Examination (60%)

2 hours 15 minutes

Poetry and Prose Texts and Imaginative Writing

Assignment A – Reading: One 30-mark essay question based on any two poetry or prose texts from Part 2 of the Pearson Edexcel International GCSE English Anthology, including a 6-mark commentary on why these texts were selected.

Assignment B - Writing: one 30-mark imaginative writing task.

Coursework (40%)














Edexcel International GCSE in English Literature 9-1 (4ET1)

Throughout the Fifth Form, pupils engage with and develop the ability to read, understand, and respond to a wide range of literary texts from around the world, as well as developing an appreciation of the ways in which writers achieve their literary effects. We hope that, by exploring, through literature, the cultures of their own and other societies, they will find enjoyment in reading various set texts, as well as being able to read with an increasingly critical eye. Trips and visits to the theatre as well as NT:Live screenings are commonplace and help to bring texts alive for the students.


Course content


Poetry and Modern Prose

Section A - Unseen Poetry: one 20-mark essay question exploring the meaning and effects created in an unseen poem.

Section B - Anthology Poetry: one 30-mark essay question from a choice of two, comparing two poems from Part 3 of the Pearson Edexcel International GCSE English Anthology.

Section C - Modern Prose: one 40-mark essay question from a choice of two on your set text. This year we chose Of Mice and Men.

This is a closed book exam. Only copies of the poems for Section A and B are provided.

Examination (60%)

2 hours

Modern Drama and Literary Heritage Texts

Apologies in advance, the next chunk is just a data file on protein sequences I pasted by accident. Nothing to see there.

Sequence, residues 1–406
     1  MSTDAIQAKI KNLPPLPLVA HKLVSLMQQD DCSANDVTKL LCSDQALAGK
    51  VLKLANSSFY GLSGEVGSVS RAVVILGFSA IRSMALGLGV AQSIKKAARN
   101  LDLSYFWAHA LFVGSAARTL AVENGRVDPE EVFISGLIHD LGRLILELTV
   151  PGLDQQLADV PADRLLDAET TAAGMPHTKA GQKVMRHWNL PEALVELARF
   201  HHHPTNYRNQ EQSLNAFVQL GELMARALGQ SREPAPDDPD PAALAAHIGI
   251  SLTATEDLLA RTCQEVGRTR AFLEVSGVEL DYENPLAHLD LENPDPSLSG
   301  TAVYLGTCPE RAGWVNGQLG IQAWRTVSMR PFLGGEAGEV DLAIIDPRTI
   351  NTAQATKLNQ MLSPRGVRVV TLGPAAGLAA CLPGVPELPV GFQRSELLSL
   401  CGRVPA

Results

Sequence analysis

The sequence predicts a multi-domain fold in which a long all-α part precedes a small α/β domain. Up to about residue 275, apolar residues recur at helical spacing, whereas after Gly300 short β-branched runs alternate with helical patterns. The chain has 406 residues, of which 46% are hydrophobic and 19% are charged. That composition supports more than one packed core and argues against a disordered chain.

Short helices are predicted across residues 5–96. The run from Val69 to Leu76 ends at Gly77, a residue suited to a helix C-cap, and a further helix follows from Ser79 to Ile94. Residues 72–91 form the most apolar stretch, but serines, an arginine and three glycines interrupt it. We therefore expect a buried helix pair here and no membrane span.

Assignment A – Modern Drama: one essay response on the studied text. This year we chose An Inspector Calls.

Assignment B – Literary Heritage Texts: one essay response on the studied text. This year we chose Macbeth.

Coursework (40%)
















Sixth Form

English Literature A Level offers the opportunity to explore some of the greatest achievements in the literary canon, as well as examine lesser known works. The Edexcel syllabus has been designed for the breadth of experience it offers. Pupils will analyse plays, novels and poems emerging from a variety of genres and spanning across many centuries, in order to gain an appreciation of how traditions and culture have continually shaped literature.

Throughout the course, there is an emphasis on lively discussion and debate as well as producing a convincing written argument. Students will be expected to read widely in order to explore critical standpoints. The course encourages students to look at contrasts and connections across texts whilst also considering the huge range of historical, social and literary contexts which may have influenced writers. Students undertake independent study in the coursework component, where two linking texts can be selected from any genre. This gives them the opportunity to write on an area of interest ranging from Satire to Dystopian Literature. There are a variety of enrichment opportunities during the A Level course, including National Theatre Live screenings, going to the RSC in Stratford, attending lecture days in London, essay competitions and hearing guest speakers.


Course content





Paper 1 (30%)

• one Shakespeare play (Tragedy or Comedy) including specified critical essays on the chosen Shakespeare play
• a second play from the Tragedy or Comedy collection



2 hours 15 minutes, open book examination





Paper 2 (20%)

• two thematically linked novels, at least one of which will be pre-1900



1 hour, open book examination



Paper 3 (30%)

• an unseen poem together with a selection of post-2000 poetry from the ‘Poems of the Decade’ Anthology provided by Edexcel

• a range of poetry from a specified literary period or named poet



2 hours 15 minutes, open book examination

Coursework    (2500-3000 words)